The last time you were at the beach, did you see any trash? A plastic bag floating in the waves, a cigarette butt or two in the sand? Every year, 8 million metric tons of plastic end up in our oceans- that’s about a garbage truck full of plastic bags, food packaging, and Styrofoam every day, and studies suggest that number could double in the next 7 years. Many beaches around the world have become completely choked with trash, and enormous trash “islands” are floating in the ocean. The Great Pacific Garbage Patch, a trash island between Hawaii and California, has grown to be twice the size of the state of Texas!
Even when single-use plastic is properly disposed of in a landfill, it can still find its way into waterways and ultimately into the ocean. Recycling is better at ensuring plastic and other trash stays out of the ocean, but very little trash is currently being recycled (about 9%).
The impact of the plastic in our oceans on marine life is devastating. It’s estimated that 700 different marine species may face extinction as a result of the trash entering their environment. Marine animals often become entangled in or ingest plastic.
Want to reduce your plastic trash and take steps toward sustainability on your next beach trip?
Bring reusable containers to the beach instead of packing food and other items in single-use plastic. A bamboo or steel straw makes a great alternative to plastic straws, and food can be transported in your favorite set of stasher bags. Stasher bags can also be used to store valuables and things that you need to keep sand-and-splash free: you can even place your phone inside a snack size stasher bag- the touchscreen will work through the bag and you won’t have to worry about putting your phone in a plastic case or using the “two baggie” technique with disposable plastic bags.
Use a Reef-Safe Sunscreen
Plastic isn’t the only substance entering the ocean and causing harm- chemicals from sunscreen can pollute the water and harm fish and coral. The state of Hawaii just placed a ban on sunscreens containing harmful substances, but it’s up to conscious beach goers to protect the coral reefs in other destinations! Steer clear of sunscreens containing the common ingredients oxybenzone and octinoxate, and look for a mineral sunscreen with zinc oxide and titanium dioxide as active ingredients. Not only will a reef-safe sunscreen protect ocean wildlife, it’s better for your skin, too!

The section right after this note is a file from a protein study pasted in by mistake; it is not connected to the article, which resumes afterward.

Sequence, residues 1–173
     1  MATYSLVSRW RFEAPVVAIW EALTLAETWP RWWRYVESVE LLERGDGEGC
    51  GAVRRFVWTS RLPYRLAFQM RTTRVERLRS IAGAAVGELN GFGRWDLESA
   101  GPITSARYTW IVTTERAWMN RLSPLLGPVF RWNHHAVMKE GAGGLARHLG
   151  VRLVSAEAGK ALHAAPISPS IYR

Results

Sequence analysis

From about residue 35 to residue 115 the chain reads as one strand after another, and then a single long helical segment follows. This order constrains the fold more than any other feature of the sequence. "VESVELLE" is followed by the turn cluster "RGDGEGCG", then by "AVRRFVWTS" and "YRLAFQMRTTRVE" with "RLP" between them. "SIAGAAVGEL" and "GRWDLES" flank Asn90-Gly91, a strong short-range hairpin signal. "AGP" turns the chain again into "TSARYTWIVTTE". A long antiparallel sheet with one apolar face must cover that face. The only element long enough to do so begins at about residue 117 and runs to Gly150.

Environmental Working Group also has a comprehensive guide to sunscreens that will help you make the right purchase.
Clean It Up
In addition to not creating any trash of your own, pick up trash that you see on the beach and dispose of it properly! Use your beach moment to educate others on the importance of reducing plastic waste by joining a beach cleanup awareness like #takethreeforthesea or #5minutebeachcleanup and posting your mini trash haul on social media. One small action could be the key to more people becoming aware of the scope of our oceans’ plastic problem.
A good rule of thumb for any outdoor adventure is to “take nothing, leave nothing”. Picking up and bringing home shells or even a beach creature like a hermit crab might seem harmless, but can actually have a negative effect on beach ecosystems over time. At one beach in Spain, the amount of shells on one popular beach has declined by 60 percent. Researchers worry that disturbing nature in this way can cause an imbalance in the wildlife found nearby the ocean shores. Enjoy the beach, take lots of photos, but leave it undisturbed for others to enjoy as well.